Durban – The uThukela District community is expected to come out in numbers in support of the municipality’s maidens’ bursary.
Dudu Zwane, chairwoman of the “maidens’ matrons”, who looks after and tests virgin girls, said they were tired of their culture being politicised and the world weighing in on their way of life.
“We have heard and seen the debates about this bursary and our cultural practice of testing girls who voluntarily join these groups because they want to learn about life skills, avoid teenage pregnancy and contracting HIV/Aids. We say it is enough, now we want our voice to be heard,” Zwane said.
Maidens’ matrons, civil society organisations, the community, maidens and their parents were to take part in the march to the Ladysmith Town Hall on Friday morning.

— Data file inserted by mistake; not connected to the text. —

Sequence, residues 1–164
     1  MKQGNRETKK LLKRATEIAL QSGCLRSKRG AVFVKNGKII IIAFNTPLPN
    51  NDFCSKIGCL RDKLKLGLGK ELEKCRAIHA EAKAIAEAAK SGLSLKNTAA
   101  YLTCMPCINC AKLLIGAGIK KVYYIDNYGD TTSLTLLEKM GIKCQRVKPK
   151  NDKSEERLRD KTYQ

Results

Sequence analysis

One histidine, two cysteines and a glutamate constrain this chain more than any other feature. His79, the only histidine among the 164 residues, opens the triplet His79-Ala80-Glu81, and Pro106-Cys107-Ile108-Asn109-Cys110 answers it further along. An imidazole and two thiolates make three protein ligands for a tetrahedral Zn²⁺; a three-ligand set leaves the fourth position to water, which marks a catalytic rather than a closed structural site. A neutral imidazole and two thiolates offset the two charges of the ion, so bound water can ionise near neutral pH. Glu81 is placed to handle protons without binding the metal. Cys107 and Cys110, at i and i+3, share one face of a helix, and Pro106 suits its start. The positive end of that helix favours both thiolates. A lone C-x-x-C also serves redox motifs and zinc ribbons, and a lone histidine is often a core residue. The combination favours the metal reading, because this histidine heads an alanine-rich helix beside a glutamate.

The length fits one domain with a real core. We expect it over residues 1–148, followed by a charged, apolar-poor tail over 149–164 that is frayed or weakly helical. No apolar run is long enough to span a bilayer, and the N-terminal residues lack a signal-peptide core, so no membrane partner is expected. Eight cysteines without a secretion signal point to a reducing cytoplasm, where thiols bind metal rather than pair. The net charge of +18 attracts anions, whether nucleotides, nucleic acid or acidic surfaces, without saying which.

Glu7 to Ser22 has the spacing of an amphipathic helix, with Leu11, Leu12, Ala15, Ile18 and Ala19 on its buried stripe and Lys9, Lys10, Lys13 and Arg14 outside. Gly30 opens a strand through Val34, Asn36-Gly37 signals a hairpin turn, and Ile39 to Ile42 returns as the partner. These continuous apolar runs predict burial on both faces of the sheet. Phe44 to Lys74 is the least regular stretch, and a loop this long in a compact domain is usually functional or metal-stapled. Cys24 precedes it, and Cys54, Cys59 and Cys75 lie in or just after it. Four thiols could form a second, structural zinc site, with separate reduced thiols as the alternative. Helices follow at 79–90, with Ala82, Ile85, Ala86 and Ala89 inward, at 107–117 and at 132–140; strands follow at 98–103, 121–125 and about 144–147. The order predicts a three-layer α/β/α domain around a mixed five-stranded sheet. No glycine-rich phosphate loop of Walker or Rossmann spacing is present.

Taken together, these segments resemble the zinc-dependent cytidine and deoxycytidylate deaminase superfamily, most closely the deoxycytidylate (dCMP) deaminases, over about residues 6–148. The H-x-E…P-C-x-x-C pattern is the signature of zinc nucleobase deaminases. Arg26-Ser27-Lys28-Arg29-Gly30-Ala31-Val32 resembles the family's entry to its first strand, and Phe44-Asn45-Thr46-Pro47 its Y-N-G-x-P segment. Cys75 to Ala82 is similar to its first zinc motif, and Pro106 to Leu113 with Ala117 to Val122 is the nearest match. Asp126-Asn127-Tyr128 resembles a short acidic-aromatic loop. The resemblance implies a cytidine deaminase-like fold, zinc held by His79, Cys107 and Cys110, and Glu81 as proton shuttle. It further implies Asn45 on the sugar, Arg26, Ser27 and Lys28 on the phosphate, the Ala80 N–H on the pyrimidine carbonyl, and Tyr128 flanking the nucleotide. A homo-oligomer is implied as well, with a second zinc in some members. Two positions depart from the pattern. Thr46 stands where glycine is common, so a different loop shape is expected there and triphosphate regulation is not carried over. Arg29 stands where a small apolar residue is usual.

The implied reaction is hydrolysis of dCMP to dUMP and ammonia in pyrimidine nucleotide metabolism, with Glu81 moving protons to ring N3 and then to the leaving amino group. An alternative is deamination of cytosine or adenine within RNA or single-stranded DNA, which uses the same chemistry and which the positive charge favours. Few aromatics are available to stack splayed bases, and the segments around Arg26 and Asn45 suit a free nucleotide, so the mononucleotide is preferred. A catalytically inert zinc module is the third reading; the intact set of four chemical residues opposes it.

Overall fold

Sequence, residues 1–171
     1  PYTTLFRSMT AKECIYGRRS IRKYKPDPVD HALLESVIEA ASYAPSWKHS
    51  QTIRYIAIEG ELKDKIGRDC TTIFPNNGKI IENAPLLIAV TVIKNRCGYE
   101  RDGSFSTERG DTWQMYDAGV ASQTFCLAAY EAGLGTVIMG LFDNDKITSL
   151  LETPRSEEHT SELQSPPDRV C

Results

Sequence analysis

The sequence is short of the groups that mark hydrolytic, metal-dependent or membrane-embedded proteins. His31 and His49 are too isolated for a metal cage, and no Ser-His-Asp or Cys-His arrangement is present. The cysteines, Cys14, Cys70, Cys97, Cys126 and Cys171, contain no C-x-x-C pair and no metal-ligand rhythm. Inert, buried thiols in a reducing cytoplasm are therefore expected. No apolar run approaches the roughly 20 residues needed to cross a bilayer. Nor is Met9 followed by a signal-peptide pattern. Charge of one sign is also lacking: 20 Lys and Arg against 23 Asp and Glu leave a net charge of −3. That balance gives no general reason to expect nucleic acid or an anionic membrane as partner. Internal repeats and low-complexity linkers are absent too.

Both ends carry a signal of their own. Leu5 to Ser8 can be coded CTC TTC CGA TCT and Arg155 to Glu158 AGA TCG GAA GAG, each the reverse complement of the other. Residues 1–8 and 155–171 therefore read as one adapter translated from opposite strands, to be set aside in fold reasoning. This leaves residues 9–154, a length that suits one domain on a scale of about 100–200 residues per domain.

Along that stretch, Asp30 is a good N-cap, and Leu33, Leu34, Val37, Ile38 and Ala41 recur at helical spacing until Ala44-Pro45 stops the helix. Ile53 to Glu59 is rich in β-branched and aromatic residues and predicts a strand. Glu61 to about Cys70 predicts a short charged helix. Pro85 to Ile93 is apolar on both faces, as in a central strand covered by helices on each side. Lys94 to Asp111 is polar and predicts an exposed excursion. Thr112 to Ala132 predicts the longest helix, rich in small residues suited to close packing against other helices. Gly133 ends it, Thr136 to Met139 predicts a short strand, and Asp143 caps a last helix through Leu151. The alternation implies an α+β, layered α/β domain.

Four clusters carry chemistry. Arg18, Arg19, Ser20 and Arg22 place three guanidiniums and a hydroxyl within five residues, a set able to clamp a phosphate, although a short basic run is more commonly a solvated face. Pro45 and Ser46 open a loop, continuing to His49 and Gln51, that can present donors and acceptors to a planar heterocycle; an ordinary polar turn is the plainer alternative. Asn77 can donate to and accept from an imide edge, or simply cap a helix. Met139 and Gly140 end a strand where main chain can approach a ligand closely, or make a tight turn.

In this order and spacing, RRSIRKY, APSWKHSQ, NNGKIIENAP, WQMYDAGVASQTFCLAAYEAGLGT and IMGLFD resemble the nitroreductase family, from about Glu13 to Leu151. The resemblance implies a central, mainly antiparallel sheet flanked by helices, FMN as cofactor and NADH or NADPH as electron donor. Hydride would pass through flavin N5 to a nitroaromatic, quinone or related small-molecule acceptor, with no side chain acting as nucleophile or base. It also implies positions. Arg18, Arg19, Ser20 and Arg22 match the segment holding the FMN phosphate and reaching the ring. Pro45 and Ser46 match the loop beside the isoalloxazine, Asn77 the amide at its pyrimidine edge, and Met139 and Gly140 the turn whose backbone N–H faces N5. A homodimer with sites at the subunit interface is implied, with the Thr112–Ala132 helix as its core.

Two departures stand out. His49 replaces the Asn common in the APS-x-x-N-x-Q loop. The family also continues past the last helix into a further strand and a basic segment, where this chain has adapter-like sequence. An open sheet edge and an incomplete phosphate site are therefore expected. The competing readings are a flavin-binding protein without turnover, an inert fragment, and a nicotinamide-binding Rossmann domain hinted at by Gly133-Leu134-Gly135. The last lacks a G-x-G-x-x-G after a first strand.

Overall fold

A memorandum was be handed over to the Department of Arts and Culture calling for the protection of the cultural practice, said Zwane.
The bursary scheme for 16 maidens is being probed by the Commission for Gender Equality.
This was after several complaints were received by the SA Human Rights Commission.
Municipal spokesman, Jabulani Mkhonza, said they would await the outcome of the probe before any decisions were made.